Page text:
Corporate Scotland is no stranger to uncertain trading conditions. Whether driven by political factors, such as Brexit or Indyref, or global economic headwinds, the market's resilience and pragmatism are qualities that have seen it adapt, evolve and respond to such challenges.

In years to come, it is to be hoped that the COVID-19 pandemic will come to be regarded as another moment in time of a similar ilk. What is different, of course, is the humanitarian challenge that the pandemic poses and its traumatic personal and financial impact.

That the emergence of COVID-19 resulted in a subdued deals market throughout the second quarter of 2020 is no surprise. The impact was felt across all industries, with disruption particularly acute in sectors reliant upon discretionary consumer spend. Many companies placed their growth plans on hold as they faced inwards and focussed on preserving cash and trading through. A lack of confidence and visibility around forecasts has created real uncertainty around business valuations, a key challenge for deal-doing. In the north east, oil price volatility and the climate change agenda have acted as additional drags on activity.

But there is evidence of some storm clouds clearing. Many deals did complete at the pandemic's peak and others continue to do so. We have seen a steady flow of deals being done throughout 2020 across a range of sectors as investors, buyers and businesses commit to strategic growth and re-focussing their ambition.

As lockdown restrictions continue to relax, there are signs of a gradual uptick in activity. Private equity is very much at the heart of that, supporting portfolio companies and looking for strategic bolt-ons of resilient, growing businesses. The firepower and appetite are there, and as we emerge from the pandemic PE may look to take advantage of new pricing realities.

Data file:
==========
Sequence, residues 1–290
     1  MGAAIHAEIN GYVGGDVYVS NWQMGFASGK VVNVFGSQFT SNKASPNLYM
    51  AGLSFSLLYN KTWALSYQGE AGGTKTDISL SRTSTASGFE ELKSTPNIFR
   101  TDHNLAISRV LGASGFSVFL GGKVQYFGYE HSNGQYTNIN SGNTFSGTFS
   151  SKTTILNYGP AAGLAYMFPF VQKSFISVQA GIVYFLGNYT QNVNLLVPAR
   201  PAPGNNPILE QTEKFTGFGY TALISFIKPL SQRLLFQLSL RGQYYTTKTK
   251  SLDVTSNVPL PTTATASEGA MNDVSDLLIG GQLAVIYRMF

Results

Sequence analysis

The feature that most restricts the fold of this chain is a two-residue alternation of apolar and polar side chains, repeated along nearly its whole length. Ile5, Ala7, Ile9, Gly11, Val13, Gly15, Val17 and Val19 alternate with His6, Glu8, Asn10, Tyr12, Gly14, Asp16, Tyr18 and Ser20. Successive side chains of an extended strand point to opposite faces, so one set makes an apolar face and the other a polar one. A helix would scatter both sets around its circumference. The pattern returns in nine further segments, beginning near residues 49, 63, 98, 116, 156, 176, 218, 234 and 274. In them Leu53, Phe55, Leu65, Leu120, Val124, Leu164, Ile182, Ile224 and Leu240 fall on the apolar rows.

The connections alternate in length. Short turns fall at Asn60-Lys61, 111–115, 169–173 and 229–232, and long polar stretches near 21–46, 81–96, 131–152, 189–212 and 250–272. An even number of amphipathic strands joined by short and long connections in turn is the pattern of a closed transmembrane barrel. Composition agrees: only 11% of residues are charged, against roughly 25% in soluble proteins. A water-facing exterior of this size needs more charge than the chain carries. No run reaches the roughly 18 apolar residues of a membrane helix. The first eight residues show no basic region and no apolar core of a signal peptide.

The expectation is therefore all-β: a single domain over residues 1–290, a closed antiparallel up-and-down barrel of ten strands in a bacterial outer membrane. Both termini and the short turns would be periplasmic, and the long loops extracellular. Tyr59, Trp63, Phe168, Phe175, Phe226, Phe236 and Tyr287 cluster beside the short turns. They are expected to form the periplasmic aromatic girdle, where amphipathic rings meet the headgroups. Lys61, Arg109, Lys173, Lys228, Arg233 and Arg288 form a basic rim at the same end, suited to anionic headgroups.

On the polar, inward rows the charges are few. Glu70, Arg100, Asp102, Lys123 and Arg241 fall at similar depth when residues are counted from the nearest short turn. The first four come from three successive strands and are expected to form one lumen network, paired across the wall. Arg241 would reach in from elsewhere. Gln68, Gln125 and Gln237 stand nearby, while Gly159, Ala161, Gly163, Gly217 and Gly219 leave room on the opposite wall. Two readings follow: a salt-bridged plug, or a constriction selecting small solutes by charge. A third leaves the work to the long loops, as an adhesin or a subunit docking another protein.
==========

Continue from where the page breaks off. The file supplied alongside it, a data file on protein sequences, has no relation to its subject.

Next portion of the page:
Scotland continues to be an attractive place for inward investment, and key sectors continue to attract interest from overseas: prime recent examples being the post-lockdown acquisition of Fife-based frozen finger food company Innovate Foods by Frostkrone of Germany, with funding from German private equity firm EMERAM Capital Partners, advised by Brodies; and the acquisition of the Fairmont St Andrews Bay Hotel by a Hong Kong-based investor, also advised by Brodies.

Companies are considering their strategic options; corporates are divesting non-core businesses; consolidation may be a matter of necessity in some sectors, and fundraisings continue. Banks have been supportive throughout the crisis to date, and with stronger post-2009 balance sheets, and a low interest environment, they will continue to play a key role in recapitalising business and supporting transactions as activity recovers.

To date, the events of 2020 have created a perfect storm for M&A activity. But as valuations stabilise, and price expectation gaps narrow, even in this uncertain market sectors such as technology, cleantech, healthcare, automation and business support services will provide some cause for optimism as we head into 2021. For those looking beyond the challenges of a post-COVID and post-Brexit landscape, there will be opportunities to grasp.

This article first appeared in The Scotsman on 24 September 2020


Neil Burgess

Head of Corporate and Commercial & Partner

Paul Breen

Senior Associate